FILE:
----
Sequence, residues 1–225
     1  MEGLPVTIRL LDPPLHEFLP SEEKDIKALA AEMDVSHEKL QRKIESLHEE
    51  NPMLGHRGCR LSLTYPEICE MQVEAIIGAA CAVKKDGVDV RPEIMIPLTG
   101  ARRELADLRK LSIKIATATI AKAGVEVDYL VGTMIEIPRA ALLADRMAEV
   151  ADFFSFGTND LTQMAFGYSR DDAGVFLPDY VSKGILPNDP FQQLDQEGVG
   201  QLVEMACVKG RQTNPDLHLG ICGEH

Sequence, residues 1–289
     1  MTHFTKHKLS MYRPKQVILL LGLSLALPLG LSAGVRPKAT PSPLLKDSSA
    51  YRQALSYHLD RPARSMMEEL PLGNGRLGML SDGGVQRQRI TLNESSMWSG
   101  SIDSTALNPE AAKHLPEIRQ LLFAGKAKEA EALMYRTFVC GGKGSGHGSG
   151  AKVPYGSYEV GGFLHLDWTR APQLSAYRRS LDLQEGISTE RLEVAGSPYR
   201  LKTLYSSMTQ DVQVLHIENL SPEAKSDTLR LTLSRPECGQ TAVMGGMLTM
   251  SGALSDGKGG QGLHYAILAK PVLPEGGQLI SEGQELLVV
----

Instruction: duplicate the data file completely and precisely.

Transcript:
Sequence, residues 1–225
     1  MEGLPVTIRL LDPPLHEFLP SEEKDIKALA AEMDVSHEKL QRKIESLHEE
    51  NPMLGHRGCR LSLTYPEICE MQVEAIIGAA CAVKKDGVDV RPEIMIPLTG
   101  ARRELADLRK LSIKIATATI AKAGVEVDYL VGTMIEIPRA ALLADRMAEV
   151  ADFFSFGTND LTQMAFGYSR DDAGVFLPDY VSKGILPNDP FQQLDQEGVG
   201  QLVEMACVKG RQTNPDLHLG ICGEH

Sequence, residues 1–289
     1  MTHFTKHKLS MYRPKQVILL LGLSLALPLG LSAGVRPKAT PSPLLKDSSA
    51  YRQALSYHLD RPARSMMEEL PLGNGRLGML SDGGVQRQRI TLNESSMWSG
   101  SIDSTALNPE AAKHLPEIRQ LLFAGKAKEA EALMYRTFVC GGKGSGHGSG
   151  AKVPYGSYEV GGFLHLDWTR APQLSAYRRS LDLQEGISTE RLEVAGSPYR
   201  LKTLYSSMTQ DVQVLHIENL SPEAKSDTLR LTLSRPECGQ TAVMGGMLTM
   251  SGALSDGKGG QGLHYAILAK PVLPEGGQLI SEGQELLVV